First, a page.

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Black Diamond Coal Co. finds high-quality coal deposits on the Green River near Renton in July 1880.
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In July 1880, Victor E. Tull of the Black Diamond Coal Mining Co. of California finds high-quality coal deposits on the Green River. Lower-quality coal had been observed in the area near the surface as early as 1873, but the deep valleys and thick timber prevented development. The discovery is kept quiet until the company can buy up land for mines. Commercial production from the Green River Coal Field will await the extension of the Columbia and Puget Sound Railroad up the Cedar River from Renton.
In the 1870s and 1880s, the largest customer for coal on the West Coast was San Francisco. Supplies came from mines on Mount Diablo and from mines on Puget Sound. The mines at Newcastle and Renton shipped coal by rail to Seattle where the coal was loaded on ships. By 1882, three ships each made five round trips a month between Seattle and San Francisco laden with coal.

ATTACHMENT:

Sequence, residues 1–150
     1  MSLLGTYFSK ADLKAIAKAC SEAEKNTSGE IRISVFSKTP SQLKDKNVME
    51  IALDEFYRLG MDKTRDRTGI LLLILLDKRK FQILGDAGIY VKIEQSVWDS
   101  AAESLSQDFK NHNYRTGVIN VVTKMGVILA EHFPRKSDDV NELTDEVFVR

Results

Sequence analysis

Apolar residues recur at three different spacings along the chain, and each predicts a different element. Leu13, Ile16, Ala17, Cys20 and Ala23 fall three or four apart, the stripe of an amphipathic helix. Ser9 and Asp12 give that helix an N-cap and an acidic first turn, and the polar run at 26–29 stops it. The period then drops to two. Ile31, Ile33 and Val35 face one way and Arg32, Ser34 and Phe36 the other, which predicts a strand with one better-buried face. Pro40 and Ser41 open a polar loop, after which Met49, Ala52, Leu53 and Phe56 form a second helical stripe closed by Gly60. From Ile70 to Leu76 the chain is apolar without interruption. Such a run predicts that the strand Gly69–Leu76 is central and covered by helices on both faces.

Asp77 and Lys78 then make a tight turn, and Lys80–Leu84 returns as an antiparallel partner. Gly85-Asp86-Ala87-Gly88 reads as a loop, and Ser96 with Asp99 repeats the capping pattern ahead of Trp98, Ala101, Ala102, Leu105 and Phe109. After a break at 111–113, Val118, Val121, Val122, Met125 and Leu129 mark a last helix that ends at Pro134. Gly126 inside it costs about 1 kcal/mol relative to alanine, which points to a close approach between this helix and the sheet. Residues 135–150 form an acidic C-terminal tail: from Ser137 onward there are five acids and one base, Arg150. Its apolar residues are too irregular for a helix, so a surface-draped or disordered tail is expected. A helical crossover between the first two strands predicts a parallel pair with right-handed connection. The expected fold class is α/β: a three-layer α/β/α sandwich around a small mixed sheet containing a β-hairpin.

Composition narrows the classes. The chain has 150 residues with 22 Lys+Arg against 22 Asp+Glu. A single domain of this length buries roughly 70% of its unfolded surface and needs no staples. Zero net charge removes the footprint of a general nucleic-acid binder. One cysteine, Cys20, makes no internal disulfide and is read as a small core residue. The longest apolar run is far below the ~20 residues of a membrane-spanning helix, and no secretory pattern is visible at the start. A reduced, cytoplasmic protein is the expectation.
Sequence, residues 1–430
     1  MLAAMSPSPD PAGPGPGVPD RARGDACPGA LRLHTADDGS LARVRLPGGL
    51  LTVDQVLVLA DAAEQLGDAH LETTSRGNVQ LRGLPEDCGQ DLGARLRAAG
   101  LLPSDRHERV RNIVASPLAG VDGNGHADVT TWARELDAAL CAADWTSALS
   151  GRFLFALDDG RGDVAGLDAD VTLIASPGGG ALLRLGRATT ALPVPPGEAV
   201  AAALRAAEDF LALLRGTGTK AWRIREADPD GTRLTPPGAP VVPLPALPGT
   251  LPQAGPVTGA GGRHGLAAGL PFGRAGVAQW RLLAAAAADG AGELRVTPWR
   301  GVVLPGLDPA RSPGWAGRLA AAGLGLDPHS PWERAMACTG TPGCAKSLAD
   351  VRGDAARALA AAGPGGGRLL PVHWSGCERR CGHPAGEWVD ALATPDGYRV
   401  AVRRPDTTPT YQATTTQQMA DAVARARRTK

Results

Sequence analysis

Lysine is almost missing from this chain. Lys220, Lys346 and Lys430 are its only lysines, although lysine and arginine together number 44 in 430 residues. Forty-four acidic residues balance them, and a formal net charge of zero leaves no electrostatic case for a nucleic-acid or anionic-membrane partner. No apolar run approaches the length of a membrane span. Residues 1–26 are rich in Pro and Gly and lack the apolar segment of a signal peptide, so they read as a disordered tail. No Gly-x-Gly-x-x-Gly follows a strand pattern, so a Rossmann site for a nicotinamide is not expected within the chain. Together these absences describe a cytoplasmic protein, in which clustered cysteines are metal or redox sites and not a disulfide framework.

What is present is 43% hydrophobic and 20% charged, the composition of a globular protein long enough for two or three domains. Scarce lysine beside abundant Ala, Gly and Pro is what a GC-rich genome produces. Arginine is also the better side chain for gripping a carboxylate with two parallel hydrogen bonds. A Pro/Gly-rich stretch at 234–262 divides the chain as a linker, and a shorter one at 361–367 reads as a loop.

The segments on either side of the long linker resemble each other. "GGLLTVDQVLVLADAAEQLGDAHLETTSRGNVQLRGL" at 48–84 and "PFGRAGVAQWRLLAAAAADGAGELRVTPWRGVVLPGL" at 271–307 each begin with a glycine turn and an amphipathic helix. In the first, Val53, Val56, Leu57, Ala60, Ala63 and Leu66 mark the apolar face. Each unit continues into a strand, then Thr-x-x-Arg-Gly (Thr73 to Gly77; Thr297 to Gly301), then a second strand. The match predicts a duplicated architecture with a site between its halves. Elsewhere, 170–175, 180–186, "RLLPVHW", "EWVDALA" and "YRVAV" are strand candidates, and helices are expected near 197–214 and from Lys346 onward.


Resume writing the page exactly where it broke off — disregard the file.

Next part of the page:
On June 26, 1873, Edgar E. Morgan and others incorporated The Green River Coal Co. to exploit seams of coal found near the surface, but nothing came of the venture because there was no transportation. As the Mount Diablo mines declined in the 1870s, Pierre Barlow Cornwall, president of the Black Diamond Co. sent Victor Tull to survey new sources on Puget Sound. In the thick stands of trees on the plateau between the Green and Cedar Rivers, he found good-quality coal below the surface.
Black Diamond began discreetly buying up land, but the process was complicated by laws limiting the property that mining companies could claim and by ownership of alternating sections of land by the Northern Pacific Railroad. Rumors began to fly around Seattle about a mysterious California company "with limitless capital" looking to mine coal on the Green River (Daily Chronicle quoted in Thorndale). The Northern Pacific Railroad, through its subsidiary the Oregon Improvement Co., also needed coal and made plans to exploit the field.
Construction of Black Diamond Mine No. 14 began in January 1882. The railroad reached Black Diamond in December 1884. Commercial production began in April 1885. Mines at Franklin, Ravensdale, Cedar Mountain, and Lawson followed.
C. William Thorndale, "Washington's Green River Coal Co., 1880-1970," Master's Thesis, University of Washington, 1965;
Daniel Bagley, "History of King County, Washington," (Chicago: S.J. Clarke, 1929), 288-292.
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